Regarding Herman, the talk of him coming to South Carolina heated up significantly this week. That’s exciting to hear, but it’s also the type of thing we heard about Will Muschamp becoming our defensive coordinator after last season. Right now rumors are just that – rumors. And unless we hire someone who is not currently coaching, which seems highly unlikely, we will not officially know who our next head coach is until December 6 at the earliest.

Now I’m going to go try to sleep until then. Wake me up when it’s over.

Go Cocks!

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TRC Unleashed 84 – Helsinki Syndrome

 

Buck, Tbone and the Gman discuss the Tennessee game, coaching changes, and the possible differences between Stockholm and Helsinki Syndromes (?). The also take your Twitter questions and twist them into unrecognizable answers. As always, it’s a really good time.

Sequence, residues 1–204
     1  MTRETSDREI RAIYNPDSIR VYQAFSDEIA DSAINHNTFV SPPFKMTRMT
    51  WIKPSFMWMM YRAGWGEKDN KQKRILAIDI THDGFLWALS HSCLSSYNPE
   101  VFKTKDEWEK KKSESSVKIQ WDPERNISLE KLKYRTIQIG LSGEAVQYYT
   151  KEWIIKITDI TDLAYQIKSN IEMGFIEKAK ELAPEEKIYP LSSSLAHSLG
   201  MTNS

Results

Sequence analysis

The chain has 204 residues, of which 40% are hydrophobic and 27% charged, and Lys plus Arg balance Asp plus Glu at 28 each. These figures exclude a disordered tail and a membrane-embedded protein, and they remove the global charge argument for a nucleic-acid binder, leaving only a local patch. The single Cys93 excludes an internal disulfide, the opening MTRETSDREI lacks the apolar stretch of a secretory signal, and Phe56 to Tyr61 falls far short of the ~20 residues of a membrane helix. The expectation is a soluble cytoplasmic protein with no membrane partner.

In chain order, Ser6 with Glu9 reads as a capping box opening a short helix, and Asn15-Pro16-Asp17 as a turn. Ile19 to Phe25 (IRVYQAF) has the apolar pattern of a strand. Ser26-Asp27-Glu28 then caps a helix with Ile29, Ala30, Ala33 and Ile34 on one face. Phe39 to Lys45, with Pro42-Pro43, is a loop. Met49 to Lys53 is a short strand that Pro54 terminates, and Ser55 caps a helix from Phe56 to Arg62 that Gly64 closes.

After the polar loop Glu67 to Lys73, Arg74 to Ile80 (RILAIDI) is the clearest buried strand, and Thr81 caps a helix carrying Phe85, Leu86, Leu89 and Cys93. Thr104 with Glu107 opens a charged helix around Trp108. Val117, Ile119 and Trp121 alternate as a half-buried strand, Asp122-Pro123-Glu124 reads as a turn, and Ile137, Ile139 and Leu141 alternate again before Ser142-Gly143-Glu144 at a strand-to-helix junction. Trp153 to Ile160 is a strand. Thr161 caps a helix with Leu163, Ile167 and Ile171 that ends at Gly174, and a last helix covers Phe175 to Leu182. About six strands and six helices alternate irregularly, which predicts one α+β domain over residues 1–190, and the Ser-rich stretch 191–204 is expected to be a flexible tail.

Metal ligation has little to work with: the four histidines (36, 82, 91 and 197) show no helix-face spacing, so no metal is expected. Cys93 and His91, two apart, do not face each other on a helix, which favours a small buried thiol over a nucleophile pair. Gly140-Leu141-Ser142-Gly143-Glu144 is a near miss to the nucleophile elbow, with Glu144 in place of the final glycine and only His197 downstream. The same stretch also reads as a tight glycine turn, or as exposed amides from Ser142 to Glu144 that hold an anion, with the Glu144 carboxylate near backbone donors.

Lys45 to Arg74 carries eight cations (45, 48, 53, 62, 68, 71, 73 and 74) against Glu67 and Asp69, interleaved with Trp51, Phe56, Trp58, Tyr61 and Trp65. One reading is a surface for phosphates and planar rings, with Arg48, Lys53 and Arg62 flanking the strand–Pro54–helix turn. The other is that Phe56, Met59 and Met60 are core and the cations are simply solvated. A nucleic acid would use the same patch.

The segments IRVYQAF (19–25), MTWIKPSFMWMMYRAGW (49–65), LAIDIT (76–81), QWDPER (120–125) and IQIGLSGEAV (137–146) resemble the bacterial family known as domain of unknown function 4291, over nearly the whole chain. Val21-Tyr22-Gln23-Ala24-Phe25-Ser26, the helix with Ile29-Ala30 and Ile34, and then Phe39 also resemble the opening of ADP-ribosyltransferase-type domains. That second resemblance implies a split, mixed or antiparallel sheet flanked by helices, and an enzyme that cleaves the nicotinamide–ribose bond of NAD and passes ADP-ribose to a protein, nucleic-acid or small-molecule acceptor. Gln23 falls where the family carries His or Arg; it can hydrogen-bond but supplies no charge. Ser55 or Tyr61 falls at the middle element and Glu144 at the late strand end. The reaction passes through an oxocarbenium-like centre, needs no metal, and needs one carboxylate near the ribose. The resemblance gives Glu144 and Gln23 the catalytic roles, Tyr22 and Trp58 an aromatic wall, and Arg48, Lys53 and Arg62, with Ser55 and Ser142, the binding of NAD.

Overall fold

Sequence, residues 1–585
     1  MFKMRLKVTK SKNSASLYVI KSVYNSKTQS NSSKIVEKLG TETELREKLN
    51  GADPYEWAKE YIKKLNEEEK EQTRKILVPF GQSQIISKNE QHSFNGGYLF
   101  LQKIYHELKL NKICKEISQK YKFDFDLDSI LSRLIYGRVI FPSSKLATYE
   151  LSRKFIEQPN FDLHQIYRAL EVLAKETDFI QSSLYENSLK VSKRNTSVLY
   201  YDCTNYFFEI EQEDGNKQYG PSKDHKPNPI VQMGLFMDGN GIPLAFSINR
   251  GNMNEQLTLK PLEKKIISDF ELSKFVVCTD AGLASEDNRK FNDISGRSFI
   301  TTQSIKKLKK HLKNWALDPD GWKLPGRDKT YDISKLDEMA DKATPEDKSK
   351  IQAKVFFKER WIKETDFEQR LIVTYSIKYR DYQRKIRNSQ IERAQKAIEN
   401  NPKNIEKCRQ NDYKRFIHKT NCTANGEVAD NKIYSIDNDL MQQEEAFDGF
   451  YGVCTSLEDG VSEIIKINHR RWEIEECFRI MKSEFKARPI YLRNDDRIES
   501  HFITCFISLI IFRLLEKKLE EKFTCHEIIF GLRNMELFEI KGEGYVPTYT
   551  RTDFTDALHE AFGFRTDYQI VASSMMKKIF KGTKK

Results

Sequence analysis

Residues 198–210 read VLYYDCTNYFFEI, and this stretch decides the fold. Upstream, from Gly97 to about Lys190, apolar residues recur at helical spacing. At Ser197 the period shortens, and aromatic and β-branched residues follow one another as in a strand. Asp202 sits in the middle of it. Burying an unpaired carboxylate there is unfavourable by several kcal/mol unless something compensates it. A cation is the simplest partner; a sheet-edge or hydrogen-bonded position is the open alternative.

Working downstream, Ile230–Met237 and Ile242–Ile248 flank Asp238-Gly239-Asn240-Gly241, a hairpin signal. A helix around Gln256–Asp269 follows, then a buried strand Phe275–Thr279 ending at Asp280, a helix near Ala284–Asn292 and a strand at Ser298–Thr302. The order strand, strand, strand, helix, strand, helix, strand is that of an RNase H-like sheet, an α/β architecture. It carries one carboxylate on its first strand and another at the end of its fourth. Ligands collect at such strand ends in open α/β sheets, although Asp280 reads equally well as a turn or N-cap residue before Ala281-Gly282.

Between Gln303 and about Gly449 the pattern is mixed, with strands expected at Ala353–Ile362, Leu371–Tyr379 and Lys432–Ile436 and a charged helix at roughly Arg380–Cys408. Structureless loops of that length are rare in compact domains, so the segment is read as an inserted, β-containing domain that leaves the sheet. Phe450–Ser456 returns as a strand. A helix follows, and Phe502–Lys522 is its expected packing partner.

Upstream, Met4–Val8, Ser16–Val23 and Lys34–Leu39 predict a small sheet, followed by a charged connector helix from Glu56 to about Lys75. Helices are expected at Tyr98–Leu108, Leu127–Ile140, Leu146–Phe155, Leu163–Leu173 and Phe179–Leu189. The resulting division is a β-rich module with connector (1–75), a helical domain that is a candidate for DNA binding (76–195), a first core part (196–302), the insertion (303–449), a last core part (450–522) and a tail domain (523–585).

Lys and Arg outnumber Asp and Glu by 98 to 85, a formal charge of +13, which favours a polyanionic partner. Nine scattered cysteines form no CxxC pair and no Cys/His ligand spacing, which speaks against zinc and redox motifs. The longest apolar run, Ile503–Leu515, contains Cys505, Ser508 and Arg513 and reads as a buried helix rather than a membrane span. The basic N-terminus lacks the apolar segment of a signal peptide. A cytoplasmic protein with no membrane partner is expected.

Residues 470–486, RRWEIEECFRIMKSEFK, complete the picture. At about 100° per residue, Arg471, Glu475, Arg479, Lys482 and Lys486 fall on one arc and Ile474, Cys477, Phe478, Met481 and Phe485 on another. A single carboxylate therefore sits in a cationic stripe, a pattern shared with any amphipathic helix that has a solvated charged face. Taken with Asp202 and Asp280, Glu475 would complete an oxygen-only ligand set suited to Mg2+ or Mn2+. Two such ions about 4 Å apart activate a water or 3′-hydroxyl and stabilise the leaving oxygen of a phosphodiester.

Click here for the iTunes link.

Or click here or the click the graphic to stream:
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Snap Judgments – 2015 USC @ Tennessee Edition

Jonathan Walton celebrates an offensive (!) touchdown. (Photo: greenvilleonline.com)

Jonathan Walton celebrates an offensive (!) touchdown. (Photo: greenvilleonline.com)

Some quick, barely researched, not fully-formed (and very late) thoughts from South Carolina’s 27-24 loss to Tennessee:

Due credit. We, along with many other Gamecock fans, have been highly critical of Lorenzo Ward and/or Jon Hoke since the beginning of the 2014 season for obvious reasons. While the offense has not been totally blameless over the last two years, it is easy to point to numerous games where the Gamecock defense has given up an unacceptable number of yards and points, or has failed to come up with a defensive stop with a close game on the line. The blame? Poor tackling, bad alignment, awful positioning and good old-fashioned getting whipped by the guy across from you were all candidates at various times. But in the end it all came down to the guys in charge – Ward and Hoke.